Lymphocytes are one type of white blood cells that help the body fight off infection, so they are always present in blood, according to WebMD. However, lymphocytes should only make up 25 to 40 percent of all white blood cells. An abnormal lymphocyte count means a blood test detected an irregular increase or decrease in the ratio of lymphocytes to total white blood cell count. Doctors use these results to monitor diseases and infections, such as leukemia.
Lymphocytosis occurs when blood develops a high white blood cell count, explains Mayo Clinic. Lymphocytes often rise temporarily when the body is exposed to infection, but in general, blood shouldn’t contain more than 3,000 lymphocytes per microliter in adults. Depending on a child’s age, lymphocytosis is considered a high count of 7,000 to 9,000 lymphocytes in a microliter of blood. Lymphocytosis may not cause any symptoms, and since it is not a definitive sign of disease, doctors usually perform further tests to diagnose other conditions, including cancer, mononucleosis, HIV and tuberculosis.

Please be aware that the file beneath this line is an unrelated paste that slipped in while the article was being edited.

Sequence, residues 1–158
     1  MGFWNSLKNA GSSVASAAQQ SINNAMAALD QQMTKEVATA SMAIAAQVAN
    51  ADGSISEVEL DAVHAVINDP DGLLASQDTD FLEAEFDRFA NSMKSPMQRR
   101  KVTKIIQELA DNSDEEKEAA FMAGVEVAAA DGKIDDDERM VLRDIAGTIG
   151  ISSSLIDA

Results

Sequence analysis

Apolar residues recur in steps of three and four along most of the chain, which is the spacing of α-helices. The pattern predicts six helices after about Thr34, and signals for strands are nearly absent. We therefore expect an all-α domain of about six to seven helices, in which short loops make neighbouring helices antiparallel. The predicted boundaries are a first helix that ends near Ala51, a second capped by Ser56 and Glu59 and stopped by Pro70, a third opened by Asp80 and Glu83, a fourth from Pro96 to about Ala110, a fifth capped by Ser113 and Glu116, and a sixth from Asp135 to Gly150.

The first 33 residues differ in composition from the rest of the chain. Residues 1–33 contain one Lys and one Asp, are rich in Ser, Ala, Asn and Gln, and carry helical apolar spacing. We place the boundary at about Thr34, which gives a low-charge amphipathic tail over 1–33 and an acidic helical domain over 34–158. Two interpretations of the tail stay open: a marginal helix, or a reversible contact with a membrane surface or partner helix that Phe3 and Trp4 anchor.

Lymphocytopenia, also known as lymphopenia, occurs when lymphocytes per microliter are lower than 1,000 in adults and 3,000 in children, notes the National Heart, Lung, and Blood Institute. A harmful drop in lymphocytes makes the body vulnerable to infection. Lymphocytopenia is typically caused by an immune system problem that hinders lymphocyte production or when high amounts of white blood cells are trapped or destroyed.